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Oscar shorts hit Tampa Theatre

A little goes a long way toward an Academy Award for this year's nominees.

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Tampa Theatre’s annual screening of the Oscar-nominated short films comes as a welcome relief after weeks of mindless multiplex dreck (and one “block” buster). This year’s batch of films (five animated, five live action) are all worth seeing, though I found the real gems to be on the live action side. Which is where I’ll begin …

My favorite of all the short films is France’s Just Before Losing Everything, a harrowing thriller that generates suspense without guns, bloodshed or violence of any kind. I hesitate to spoil the plot, which follows a desperate woman in the final stages of fleeing an abusive spouse, but the performances, direction, cinematography, editing and score are all superb. Just Before Losing Everything engaged me more than any recent Hollywood thriller I can name. It’s terrific.

On the other end of the spectrum is Spain’s That Wasn’t Me, an unrelenting descent into combat that works hard to disprove the notion that all war films inherently glorify violence. That Wasn’t Me features a former child soldier, now grown and addressing an auditorium full of people, telling the story of his last days in the war and the woman who got him out. It’s a graphic tale that gets more grim with each turn. I can’t say I enjoyed That Wasn’t Me, but I can’t argue with the artistry with which it was made.

Also on the grim side of the ledger is Helium, which is about a terminally ill young boy who forms a bond with a hospital janitor over an alternative afterlife story the man spins for the sick kid. Helium deals with subject matter that may be too emotionally raw for some viewers. (It drove my wife from the room quickly amidst protest that it was “too sad.”) Sad it is, but uplifting as well. Beautifully shot, edited and acted, Helium is, much like life itself, worth the pain of admission.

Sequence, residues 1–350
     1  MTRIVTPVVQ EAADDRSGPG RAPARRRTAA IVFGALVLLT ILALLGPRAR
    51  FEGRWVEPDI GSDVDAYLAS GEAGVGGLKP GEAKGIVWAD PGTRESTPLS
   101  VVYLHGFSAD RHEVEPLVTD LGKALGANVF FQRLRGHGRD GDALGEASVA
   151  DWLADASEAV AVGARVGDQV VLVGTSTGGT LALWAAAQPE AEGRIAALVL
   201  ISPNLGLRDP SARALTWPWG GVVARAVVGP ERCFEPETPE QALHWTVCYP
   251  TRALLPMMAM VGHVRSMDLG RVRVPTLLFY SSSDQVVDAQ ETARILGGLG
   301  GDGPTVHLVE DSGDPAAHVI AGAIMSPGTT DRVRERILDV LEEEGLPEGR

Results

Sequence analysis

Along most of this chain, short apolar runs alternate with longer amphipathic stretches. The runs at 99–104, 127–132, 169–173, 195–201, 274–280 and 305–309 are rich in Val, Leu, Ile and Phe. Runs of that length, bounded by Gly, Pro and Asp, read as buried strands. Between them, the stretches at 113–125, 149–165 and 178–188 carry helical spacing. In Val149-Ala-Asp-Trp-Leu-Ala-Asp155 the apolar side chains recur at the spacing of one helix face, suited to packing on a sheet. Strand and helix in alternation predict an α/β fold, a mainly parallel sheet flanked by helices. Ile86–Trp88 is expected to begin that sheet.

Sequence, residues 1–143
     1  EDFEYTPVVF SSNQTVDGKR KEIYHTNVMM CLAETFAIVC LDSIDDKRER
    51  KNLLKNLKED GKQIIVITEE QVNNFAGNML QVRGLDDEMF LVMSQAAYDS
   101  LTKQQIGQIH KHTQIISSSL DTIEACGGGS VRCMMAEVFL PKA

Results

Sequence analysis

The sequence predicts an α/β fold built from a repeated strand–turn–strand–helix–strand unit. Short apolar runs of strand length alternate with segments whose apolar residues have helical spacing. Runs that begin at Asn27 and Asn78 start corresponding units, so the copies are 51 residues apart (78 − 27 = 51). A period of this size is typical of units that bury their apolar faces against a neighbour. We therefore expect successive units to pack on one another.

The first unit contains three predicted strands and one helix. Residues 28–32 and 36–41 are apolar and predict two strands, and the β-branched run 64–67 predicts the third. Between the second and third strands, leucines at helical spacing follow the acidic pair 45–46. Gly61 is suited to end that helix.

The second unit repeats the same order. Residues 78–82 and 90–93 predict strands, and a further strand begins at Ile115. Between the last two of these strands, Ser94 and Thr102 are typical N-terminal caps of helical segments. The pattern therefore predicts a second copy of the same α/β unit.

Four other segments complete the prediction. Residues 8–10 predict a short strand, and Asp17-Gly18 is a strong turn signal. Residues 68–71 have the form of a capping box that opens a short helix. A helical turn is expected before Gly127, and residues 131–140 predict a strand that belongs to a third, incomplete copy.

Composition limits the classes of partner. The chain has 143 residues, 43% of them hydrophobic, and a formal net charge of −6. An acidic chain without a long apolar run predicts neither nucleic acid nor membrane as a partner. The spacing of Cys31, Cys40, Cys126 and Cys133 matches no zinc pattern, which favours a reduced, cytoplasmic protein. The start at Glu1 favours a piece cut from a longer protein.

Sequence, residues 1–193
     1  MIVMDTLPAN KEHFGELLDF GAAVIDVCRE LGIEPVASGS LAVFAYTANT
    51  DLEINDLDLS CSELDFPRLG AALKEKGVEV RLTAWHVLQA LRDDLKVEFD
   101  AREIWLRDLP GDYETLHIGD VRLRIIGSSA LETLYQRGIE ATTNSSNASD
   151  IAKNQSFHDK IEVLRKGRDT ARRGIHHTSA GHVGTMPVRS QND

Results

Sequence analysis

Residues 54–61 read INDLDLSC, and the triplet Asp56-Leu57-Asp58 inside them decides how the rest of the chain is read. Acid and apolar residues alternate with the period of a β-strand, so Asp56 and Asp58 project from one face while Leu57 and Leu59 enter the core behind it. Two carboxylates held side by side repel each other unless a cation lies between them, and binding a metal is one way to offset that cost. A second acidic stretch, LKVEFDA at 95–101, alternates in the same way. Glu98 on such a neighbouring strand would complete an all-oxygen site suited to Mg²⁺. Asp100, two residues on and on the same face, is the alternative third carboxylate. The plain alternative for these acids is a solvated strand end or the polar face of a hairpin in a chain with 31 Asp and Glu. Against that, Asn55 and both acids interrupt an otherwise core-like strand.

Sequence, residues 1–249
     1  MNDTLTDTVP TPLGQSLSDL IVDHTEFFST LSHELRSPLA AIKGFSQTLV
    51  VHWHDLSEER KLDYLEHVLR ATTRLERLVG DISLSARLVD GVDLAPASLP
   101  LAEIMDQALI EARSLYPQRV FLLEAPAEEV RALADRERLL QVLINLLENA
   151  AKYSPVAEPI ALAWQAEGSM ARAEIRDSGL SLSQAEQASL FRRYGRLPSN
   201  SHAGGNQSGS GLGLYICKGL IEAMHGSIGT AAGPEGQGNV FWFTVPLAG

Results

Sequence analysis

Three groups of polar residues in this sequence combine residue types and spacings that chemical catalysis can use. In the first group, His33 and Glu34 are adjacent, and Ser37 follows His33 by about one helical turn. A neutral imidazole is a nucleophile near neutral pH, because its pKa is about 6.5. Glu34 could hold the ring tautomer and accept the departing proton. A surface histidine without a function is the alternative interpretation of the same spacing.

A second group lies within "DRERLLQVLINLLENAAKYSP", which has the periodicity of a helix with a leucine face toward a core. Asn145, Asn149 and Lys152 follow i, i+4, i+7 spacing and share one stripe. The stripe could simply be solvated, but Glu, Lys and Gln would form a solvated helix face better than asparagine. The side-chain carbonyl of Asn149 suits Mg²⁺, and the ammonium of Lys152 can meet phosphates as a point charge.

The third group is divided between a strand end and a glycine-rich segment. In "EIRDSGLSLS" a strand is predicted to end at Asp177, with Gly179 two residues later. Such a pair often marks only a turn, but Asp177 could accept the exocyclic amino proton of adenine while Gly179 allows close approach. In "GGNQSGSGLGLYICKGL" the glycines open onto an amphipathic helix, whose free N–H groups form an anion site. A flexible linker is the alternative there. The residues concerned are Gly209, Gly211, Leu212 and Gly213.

Hang with me people. They’re not all depressing!

Things lighten up significantly in the UK’s The Voorman Problem, which stars Sherlock’s Martin Freeman as a psychiatrist called in by a prison warden in need of some professional help. A prisoner, the titular Voorman, has convinced the other convicts that he’s a god, and if the psychiatrist just pronounces Voorman insane, the warden can transfer him to a mental hospital. But what if Voorman is a god, and a trickster one at that? The Voorman Problem offers a clever answer to the old question, “what if God was one of us?” Lock up your wife, fellas.

The last of the live action shorts is another comedy, this one the Finish production Do I Have to Take Care of Everything?, which packs a solid number of belly laughs into less than seven minutes of running time. The plot is simple: A family oversleeps and finds themselves greeted by complications at every turn as they try to get ready to go to a wedding. Anyone with a family will be able to relate.

I found the animated films to be a mixed bag. They are all well-done from a technical standpoint, but I sometimes felt the filmmakers living by a “When in doubt, make it weirder” credo. Case in point is Possessions from Japan, about a samurai who gets lost in a storm before hunkering down in an abandoned hut and dreaming one crazy dream. Bordering on psychedelic at times, the animation uses a beautiful color palette to render umbrellas and fabric. (Sound odd yet?) Though brooding throughout, Possessions manages to end on a lighter note.

Also odd is France’s Mr. Hublot, which follows your average OCD apartment dweller in a detailed steampunk city who takes in a robotic dog and watches it grow to amazing size, trampling his perfectly organized home in the process. I can’t say I got much of a message from Mr. Hublot, but it’s an entertaining feast for the eyes nonetheless.

The good ol’ USA has two animated shorts in contention, the first one from an animation studio you are no doubt familiar with. Ride a Horse (riding a wave of buzz from being shown with Disney's Frozen) is a fun mix of a vintage Mickey Mouse cartoon from back in Walt’s early days with the latest in Disney computer animation. It doesn’t sound like it should work, but it does.

The second U.S. nominee is Feral, which trades the sharply drawn images of the other films for a muted, impressionistic style. “Feral” tells the story of a wild child found living in the woods and rescued by a man who attempts to bring the kid back to civilization. But new clothes can’t hide the animal nature of the child wearing them. I have no clue what I’m supposed to take from Feral, but I found it transfixing and unique. In the animated competition, that’s enough.

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